How do cryptocurrencies have value?
While it’s easy not to think about how our fiat currencies are valued. But when you hear that Bitcoin has an all time high value of US$64,941 (Apr 2021), it may be hard to understand how it has gotten this valuation. So how do cryptocurrencies determine their value when they aren’t tied to anything physical?
Most currencies have value because they can be used to store value and have a unit of exchange that is agreed upon. There are six key attributes that most successful currencies follow, including cryptocurrencies.
- Scarcity – supply and demand, fiat currencies have governments to manage value and inflation by printing more money or removing some from circulation, but many cryptos have flexible issuance rates
- Divisibility – broken down in to incremental units that is sufficiently divisible to accurately reflect the value of every good or service available
- Utility – currencies are easily transferred between participants – for fiat currencies this means they must be transferable within a countries economy or other via exchange, for cryptos it means that it is decentralised and trustless meaning no party participating needs to rely on trust for the system to work properly
- Transportability – easily exchanged through an economy, cryptos have exchanges, wallets and other tools that can transfer currencies within minutes with low costs, unlike many fiat exchanges
- Durability – coins or notes are made out of suitable material that will not be easily damaged, and wont degrade over time – cryptos are virtual so must be easily stored and cannot be destroyed in the same way a fiat currency could be – but they can be lost
- Counterfeitability – must be difficult to counterfeit in order to remain effective, due to the blockchain ledger, crytos are extremely hard to counterfeit and would require confusing all participants in the network or attempting a 51% attack
One thing that crypto have that traditional currencies vastly lack is: transparency. You’d never truly be able to see how the bank handles your money or values you as a customer. But cryptos whole system is meant to be transparent and shared and eliminates any issues of trust and reciprocity – meaning the user is in complete control of their money and how they manage it.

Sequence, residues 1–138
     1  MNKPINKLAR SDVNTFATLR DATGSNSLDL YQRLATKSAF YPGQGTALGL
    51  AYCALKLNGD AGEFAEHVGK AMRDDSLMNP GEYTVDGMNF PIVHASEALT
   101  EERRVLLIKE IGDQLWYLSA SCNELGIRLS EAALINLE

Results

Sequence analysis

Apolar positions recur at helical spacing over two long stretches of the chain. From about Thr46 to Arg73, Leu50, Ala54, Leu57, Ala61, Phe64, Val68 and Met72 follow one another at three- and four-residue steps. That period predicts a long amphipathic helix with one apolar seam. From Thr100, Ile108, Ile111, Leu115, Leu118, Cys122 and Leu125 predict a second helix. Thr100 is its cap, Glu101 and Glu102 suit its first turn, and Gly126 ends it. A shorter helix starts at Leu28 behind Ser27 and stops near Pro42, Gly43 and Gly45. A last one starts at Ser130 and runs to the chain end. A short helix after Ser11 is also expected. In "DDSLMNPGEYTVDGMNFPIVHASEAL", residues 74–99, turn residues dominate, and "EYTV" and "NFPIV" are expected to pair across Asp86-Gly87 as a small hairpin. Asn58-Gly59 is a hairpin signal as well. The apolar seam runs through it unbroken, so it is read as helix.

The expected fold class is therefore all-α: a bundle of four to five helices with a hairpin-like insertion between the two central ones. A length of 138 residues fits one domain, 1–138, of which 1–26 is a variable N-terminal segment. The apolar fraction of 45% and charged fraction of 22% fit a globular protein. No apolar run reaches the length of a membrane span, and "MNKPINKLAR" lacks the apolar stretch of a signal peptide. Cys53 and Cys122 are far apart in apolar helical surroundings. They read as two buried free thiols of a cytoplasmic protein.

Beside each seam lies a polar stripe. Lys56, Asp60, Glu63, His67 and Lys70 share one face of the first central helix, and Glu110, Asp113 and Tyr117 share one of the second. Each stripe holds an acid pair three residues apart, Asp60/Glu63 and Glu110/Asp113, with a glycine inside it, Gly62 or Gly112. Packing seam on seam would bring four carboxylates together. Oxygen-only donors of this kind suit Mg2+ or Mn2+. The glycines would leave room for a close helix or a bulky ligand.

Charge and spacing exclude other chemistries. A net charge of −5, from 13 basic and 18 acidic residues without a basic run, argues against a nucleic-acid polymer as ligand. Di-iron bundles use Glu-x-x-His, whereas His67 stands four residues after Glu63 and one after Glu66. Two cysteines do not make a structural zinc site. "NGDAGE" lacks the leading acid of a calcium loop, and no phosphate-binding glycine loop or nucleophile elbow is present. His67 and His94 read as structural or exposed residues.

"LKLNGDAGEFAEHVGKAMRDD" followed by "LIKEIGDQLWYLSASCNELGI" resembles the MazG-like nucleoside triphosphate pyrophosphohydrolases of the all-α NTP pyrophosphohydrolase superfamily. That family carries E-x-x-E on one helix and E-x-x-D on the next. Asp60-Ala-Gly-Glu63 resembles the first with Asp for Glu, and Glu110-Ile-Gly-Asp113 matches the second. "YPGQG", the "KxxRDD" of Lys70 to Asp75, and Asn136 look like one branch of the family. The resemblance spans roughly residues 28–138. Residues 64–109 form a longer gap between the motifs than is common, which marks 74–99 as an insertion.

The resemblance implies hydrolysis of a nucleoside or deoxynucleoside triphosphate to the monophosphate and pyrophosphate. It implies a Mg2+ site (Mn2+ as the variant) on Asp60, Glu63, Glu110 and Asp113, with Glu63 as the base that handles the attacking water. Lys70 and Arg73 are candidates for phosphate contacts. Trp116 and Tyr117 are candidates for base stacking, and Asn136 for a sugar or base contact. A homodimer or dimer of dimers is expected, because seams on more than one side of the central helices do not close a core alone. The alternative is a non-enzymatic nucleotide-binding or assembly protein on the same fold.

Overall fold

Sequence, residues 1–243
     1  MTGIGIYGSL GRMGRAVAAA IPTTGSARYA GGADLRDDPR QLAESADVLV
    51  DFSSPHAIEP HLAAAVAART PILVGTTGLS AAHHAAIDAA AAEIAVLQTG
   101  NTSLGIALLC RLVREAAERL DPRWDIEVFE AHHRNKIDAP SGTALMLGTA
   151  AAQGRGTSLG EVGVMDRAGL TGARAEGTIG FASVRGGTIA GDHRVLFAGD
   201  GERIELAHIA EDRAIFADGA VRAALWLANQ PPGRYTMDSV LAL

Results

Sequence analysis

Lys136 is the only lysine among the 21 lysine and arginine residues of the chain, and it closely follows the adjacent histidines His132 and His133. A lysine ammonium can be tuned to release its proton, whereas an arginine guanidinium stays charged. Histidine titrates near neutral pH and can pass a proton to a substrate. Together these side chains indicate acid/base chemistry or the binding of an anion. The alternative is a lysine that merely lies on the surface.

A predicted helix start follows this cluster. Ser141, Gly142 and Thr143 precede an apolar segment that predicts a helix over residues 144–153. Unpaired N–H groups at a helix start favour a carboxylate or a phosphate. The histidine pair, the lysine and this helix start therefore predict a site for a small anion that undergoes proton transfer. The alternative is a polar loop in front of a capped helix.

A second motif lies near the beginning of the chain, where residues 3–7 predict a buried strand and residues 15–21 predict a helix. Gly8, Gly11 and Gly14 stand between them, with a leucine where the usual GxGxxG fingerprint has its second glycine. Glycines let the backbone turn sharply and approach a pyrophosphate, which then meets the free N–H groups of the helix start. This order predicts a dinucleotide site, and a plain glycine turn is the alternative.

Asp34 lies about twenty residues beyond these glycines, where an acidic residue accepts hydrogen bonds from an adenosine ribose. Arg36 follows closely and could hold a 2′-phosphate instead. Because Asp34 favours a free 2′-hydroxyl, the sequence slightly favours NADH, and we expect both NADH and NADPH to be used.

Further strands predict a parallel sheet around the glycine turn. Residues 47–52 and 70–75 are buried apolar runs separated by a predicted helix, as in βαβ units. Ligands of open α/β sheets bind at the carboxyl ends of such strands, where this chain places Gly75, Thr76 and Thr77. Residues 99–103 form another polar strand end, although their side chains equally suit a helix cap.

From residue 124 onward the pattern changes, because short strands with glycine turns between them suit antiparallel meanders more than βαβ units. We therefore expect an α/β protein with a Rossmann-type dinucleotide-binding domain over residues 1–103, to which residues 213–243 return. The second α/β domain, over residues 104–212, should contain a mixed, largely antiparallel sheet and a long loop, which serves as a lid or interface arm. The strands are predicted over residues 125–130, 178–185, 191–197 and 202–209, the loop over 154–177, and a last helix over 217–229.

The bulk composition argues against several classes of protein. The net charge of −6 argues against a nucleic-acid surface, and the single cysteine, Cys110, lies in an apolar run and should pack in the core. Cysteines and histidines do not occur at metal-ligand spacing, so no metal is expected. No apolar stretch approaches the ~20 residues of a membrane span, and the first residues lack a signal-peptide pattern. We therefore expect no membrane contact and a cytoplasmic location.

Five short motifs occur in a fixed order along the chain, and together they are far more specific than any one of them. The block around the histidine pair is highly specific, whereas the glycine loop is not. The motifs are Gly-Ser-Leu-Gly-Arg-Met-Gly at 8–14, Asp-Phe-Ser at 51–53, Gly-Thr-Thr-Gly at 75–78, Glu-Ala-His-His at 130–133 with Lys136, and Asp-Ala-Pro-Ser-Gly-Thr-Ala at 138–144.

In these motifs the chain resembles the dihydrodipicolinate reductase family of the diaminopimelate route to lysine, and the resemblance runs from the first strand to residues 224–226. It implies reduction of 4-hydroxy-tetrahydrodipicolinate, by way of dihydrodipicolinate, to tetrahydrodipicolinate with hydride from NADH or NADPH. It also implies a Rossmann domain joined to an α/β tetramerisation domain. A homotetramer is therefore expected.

While cryptocurrencies values might appear volatile, there are ways in which they are attempting to manage this as they become more recognised by the public. Ether, for example, ties its value to not just the market (like Bitcoin) but its usefulness to both the Decentralised Finance (DeFi) and Centralised Finance (CeFi) movements, and as a technology it has other meaningful uses like Smart Contract platforms built on the eth blockchain. Or Stablecoins like Tether, which is linked to the value of the USD.
But like most new technology, there are still difficulties that cryptos face when it comes to their valuation. While cryptos have gained popularity, acceptance and use over the years it doesnt mean that they are guaranteed to be successful. They also hinge on the idea of “how much adoption will they achieve in the mainstream?”. So currently their limited usage outside of the internet it makes it hard to predict how they will unfold in the future. Although they represent the future of money – with fast transfers, low exchange rates, it needs to find its way to be more predictable which sounds like the opposite of what it was designed to do, but with values that can jump 100x in days, it can make it hard for people to see it more than something closer to a stock than a currency.